And what about after the baby was born, did you find it easier or harder to manage?

Harder. Much harder. Much harder. I had a, the service on my phone that would remind me if I hadn’t done it. It didn’t remind me to do it. It would remind me if I hadn’t done it but I’d put my own timers on my phone right the way through so I would remember on Monday, Wednesday and Friday to do the set times. But then after the birth, I do remember several times when the alarm on my phone would go off and I’d think, right, I need to do that and then suddenly something else would happen, the baby would need a feed, need a change, be sick, my older child would need something else and kind of an hour would pass and then I’d get a reminder and think, oh, I forgot to do it again and, by that point, it was too late in the day.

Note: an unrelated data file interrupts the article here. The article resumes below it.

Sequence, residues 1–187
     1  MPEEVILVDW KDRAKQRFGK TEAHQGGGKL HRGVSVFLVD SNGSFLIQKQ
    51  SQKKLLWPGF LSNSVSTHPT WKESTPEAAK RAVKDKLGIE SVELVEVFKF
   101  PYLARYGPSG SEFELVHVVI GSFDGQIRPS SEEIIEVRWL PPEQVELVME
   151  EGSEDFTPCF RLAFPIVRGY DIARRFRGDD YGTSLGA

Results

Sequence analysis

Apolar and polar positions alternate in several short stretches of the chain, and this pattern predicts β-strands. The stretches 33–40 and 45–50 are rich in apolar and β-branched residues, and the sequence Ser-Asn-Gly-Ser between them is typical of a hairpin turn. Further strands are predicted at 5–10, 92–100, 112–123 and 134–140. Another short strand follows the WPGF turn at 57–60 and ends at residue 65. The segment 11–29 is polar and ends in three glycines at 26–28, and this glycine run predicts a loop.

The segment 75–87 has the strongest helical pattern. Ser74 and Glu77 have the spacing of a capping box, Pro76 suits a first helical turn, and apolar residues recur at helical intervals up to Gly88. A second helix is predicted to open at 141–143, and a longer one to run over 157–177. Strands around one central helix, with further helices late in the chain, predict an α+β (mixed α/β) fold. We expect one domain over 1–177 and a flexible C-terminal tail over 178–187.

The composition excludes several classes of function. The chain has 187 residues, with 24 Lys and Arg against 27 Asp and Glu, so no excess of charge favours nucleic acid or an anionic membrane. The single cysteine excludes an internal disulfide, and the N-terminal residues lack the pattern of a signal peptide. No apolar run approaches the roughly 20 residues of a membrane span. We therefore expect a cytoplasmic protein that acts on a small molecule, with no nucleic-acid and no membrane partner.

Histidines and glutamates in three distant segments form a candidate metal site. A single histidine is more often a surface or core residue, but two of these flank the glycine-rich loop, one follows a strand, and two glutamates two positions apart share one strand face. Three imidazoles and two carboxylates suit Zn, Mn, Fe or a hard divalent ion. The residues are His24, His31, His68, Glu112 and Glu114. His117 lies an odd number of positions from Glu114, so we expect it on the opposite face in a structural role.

Elaine made some adjustments to her daily routines so that she could take her blood pressure readings for the BuMP study.

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Elaine made some adjustments to her daily routines so that she could take her blood pressure readings for the BuMP study.

Age at interview: 33
Sex: Female
Age at diagnosis: 33